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2 August 2017updated 01 Aug 2021 9:29am

“They tried to take it off at school”: Tan Dhesi on being the first Sikh MP with a turban

The Labour MP for Slough on integration, standing out, and his reservations about Europe.

By Anoosh Chakelian

“The first ever turbaned Sikh to the British Parliament – indeed, I believe, the first ever to be elected to any European Parliament.”

This is how Tan Dhesi, the new Labour MP for Slough, described himself in his maiden speech to the House of Commons. “A glass ceiling has truly been broken,” he said.

“I, for one, Mr Speaker, am very much hoping that these brightly-coloured turbans will act as a magnet as you repeatedly point towards the Member for Slough to make his invaluable contributions to proceedings in this House.”

Standing out for his turban had a very different effect when Dhesi, now 38, was growing up in Kent’s Gravesend. “At school, you get discriminated against,” he recalls. “One student tried to take off my turban then. Thankfully such instances haven’t scarred me, but I’ve always taken any negativity as a challenge.”

I speak to him over a cup of tea in Parliament’s Portcullis House. Today he is wearing a deep red turban, and looks relaxed in a checked blue shirt with no tie. It’s a few days until recess, and Parliament has an end-of-term feel.

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“Only 1 per cent of the population is Sikh in the UK,” he tells me. “Anyone wearing a turban, you’re always going to stand out, you’re going to look different to others.”

For the first time, British Sikhs who wear turbans have someone in Parliament who doesn’t look different from them, and Dhesi is proud of that – but he says he will work to serve everyone, in the Sikh spirit of sarbat da bhala. “Working for the betterment of all, regardless of background, colour or creed,” he explains.

Dhesi has been a Labour councillor for almost a decade, and was Mayor of Gravesham in Kent in 2011. He was born in Slough and spent his early years there, where his father worked at the Ford factory in Langley and his mother worked for a local petrol pump company. Both his parents emigrated to Britain from the Punjab.

Work dried up in Slough after a few years, so they moved to Kent where Dhesi’s father started a construction company. As a 16 year old, Dhesi spent his school holidays as a labourer on a building site. He worked his way up from sweeping to operating dumpers and diggers and then to drilling. “If someone is pushing a broom all day, you can’t tell them what to do unless you’ve been there, on the other side, doing that [yourself],” he says. “You don’t quite appreciate how hard people have to work.”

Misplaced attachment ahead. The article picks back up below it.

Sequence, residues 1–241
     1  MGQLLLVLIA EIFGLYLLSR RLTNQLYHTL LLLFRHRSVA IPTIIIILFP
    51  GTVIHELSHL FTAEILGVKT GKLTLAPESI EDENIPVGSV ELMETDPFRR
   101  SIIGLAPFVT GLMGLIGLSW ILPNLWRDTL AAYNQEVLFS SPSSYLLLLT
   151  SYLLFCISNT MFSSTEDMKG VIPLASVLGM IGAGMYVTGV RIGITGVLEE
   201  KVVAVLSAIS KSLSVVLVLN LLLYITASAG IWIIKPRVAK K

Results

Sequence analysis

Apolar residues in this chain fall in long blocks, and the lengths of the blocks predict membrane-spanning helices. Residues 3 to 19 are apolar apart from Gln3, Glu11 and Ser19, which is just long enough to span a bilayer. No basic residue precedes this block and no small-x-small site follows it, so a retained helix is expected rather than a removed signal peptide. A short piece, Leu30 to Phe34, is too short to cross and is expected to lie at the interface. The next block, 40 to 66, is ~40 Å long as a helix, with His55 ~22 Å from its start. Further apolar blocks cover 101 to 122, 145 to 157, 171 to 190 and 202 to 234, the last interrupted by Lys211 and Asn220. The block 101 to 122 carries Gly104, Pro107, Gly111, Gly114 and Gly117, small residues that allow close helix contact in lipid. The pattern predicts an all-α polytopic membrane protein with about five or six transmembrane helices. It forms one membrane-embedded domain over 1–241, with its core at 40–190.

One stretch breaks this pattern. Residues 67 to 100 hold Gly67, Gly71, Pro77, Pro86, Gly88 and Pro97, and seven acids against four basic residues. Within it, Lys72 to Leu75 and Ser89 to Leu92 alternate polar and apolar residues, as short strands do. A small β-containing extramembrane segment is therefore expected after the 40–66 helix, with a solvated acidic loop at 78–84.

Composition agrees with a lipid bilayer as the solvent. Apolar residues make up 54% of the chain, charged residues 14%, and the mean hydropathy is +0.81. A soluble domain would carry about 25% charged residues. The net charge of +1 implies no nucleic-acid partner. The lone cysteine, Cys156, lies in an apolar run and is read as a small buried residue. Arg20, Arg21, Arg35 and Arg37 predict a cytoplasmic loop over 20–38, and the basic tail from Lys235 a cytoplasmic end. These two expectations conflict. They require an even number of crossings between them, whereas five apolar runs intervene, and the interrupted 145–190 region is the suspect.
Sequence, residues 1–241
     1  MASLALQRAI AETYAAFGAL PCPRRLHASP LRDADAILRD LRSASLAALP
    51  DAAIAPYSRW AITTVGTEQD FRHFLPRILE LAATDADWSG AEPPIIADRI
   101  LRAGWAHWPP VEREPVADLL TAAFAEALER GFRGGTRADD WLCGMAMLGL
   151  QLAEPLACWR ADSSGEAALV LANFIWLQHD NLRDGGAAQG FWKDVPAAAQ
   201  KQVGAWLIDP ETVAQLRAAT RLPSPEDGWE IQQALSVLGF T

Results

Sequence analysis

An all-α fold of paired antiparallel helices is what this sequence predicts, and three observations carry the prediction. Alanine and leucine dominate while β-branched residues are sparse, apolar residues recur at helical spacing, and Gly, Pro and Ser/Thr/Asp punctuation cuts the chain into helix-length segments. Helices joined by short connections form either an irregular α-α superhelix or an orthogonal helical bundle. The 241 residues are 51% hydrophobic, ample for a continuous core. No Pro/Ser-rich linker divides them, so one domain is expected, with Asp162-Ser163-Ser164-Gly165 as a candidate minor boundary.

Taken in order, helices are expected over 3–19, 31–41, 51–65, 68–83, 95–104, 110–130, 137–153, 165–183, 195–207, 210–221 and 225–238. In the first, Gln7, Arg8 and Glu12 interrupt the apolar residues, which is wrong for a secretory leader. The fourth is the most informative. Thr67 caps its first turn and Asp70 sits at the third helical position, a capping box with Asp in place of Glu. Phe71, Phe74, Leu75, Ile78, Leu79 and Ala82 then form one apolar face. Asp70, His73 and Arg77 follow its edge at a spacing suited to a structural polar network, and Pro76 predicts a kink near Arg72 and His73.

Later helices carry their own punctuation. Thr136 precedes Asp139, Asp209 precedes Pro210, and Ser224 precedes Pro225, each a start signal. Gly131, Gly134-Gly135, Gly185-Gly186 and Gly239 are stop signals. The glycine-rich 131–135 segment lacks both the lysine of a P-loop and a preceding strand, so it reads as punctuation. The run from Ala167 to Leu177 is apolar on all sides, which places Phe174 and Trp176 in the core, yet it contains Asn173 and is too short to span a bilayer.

At the age of four, Dhesi was sent to school in India for four and a half years, returning at nine years old to Gravesend rather than Slough. He speaks eight languages: Punjabi, Hindi, Urdu, French, German, Italian, Latin, “and a bit of English”, he smiles.

Dhesi recalls turning up as Mayor to the French town twinned with Gravesham and surprising locals with a speech in fluent French. “I don’t think they were expecting a turbaned guy, coming over from England, to be giving them a ten-minute speech in French,” he says, with a chuckle.

“We in England, I think, are famed for not learning or not going beyond English, but it’s important within wider society that we do try to learn other languages as well, foreign languages are important.”

Yet he doesn’t feel “overly attached” to the European Union, citing France’s insistence that Sikhs remove their turbans when going to state school or having an ID photo taken. He calls this “highly disappointing” and “ironic, when more than 80,000 turbaned Sikh soldiers died to liberate [that] very country”.

He adds: “In Britain, I think that people are more cultured, or they’re more aware. The same can’t be said at most European airports. That cultural sensitivity and understanding of people of Sikh background, or Muslims with hijabs or niqabs, or others  – I don’t think [that] is there in various other parts of Europe.”

In local politics, Dhesi has focused on community, faith and integration. “We’ve got a common language in terms of the national language of English,” he says. “So it’s important that we push that, but we don’t do it to the detriment whereby we try to obliterate or eliminate other languages and cultures.

“You can be proud to be Sikh… but you can still be proud to be British.”

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